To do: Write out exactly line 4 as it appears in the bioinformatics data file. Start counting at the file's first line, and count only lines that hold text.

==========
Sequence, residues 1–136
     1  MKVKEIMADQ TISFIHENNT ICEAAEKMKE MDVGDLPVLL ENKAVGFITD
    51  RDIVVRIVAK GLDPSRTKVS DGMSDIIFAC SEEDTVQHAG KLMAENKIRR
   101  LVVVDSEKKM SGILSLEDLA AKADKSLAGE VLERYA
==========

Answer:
   101  LVVVDSEKKM SGILSLEDLA AKADKSLAGE VLERYA